The Weekly Economic and Stock Market Commentary – July 19, 2021
As for the stock market specifically:
The major market averages finished the week with a loss for the week. I don’t remember how long it has been since I said that. Last week was the beginning of earnings season, those with a good memory will recall that last week I’d said something along the lines of (paraphrasing) “things may get a little bumpy”. Well, maybe an air pocket was more like it.
There were some important developments in market composition and the overall strength of the markets.
The percentage of stocks in a positive trend changed in such a way that the last 6 percent of net changes were to downtrends.
Think of a downtrend as taking a car from Seattle, WA to Miami, FL.
In stock terms, a downtrend is a series of stocks making lower highs, and lower lows, and is large in amplitude.
Overall, we still have more than 70% of the stocks in an uptrend, but the risk is getting greater.
A second development is that less than half the stocks on the Nasdaq, and nearly one-half the stocks that are optionable, are on sell signals. That means that fewer stocks are carrying the market.
It was another week where each of the bullish percent indicators fell by at least 3 percentage points. WEALTH PRESERVATION strategies remain in effect.
Remember, Xs mean OFFENSE or wealth accumulation, while Os mean DEFENSE, or wealth preservation.
Below is where our indicators stand as of July 16, 2021 (Courtesy Dorsey, Wright, and Associates).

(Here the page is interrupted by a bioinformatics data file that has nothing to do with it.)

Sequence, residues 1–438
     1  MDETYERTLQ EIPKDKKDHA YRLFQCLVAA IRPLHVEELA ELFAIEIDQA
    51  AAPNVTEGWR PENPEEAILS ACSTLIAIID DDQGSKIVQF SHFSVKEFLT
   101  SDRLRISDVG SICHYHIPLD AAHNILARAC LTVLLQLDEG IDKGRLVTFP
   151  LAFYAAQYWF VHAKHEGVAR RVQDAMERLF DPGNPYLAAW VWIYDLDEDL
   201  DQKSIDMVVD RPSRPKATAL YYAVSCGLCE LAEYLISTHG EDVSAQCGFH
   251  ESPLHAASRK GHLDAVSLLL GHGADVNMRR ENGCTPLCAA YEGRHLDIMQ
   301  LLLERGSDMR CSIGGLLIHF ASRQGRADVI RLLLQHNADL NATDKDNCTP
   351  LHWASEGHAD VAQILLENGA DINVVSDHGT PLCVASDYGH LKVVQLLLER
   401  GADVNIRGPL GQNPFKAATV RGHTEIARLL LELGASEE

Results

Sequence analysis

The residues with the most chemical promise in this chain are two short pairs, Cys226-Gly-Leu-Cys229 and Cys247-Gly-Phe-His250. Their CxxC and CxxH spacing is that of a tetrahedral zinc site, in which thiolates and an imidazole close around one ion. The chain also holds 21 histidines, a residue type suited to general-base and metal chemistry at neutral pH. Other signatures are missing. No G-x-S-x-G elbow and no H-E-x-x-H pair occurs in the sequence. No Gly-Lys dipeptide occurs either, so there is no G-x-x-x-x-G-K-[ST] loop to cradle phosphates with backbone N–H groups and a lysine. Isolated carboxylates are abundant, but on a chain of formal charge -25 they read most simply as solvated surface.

On a general note:
The Department of Labor announced June consumer prices rose by 5.4% compared to June 2020. That was the largest change in prices since 2008. The core rate of inflation, which is what you experience if you don’t eat or use energy, rose by 4.5 %. Prices rose 0.9% when compared to May 2021. Prices rose in nearly all areas that are measured, so there isn’t much room to blame a particular sector. The Federal Reserve believes this is a “transitory” event, and we will get back below 2% inflation soon.
The Commerce Department informed us that June retail sales rose by 0.6% compared to May numbers. People spending in bars, restaurants, and clothing stores led the way. People slowed their spending on furniture, sporting goods, and home improvement. The report noted that retail sales now are 18% above the levels set in February 2020, before the virus shutdowns.
The Treasury Department brought us a report on the budget deficit for the first 9 months of Fiscal Year 2021. The deficit came in at $2.2 trillion dollars. This is a bit better than expected. Spending rose by 6% compared to that same point in time of Fiscal 2020. However, and don’t let our elected officials in on this, revenue rose by more than 35%.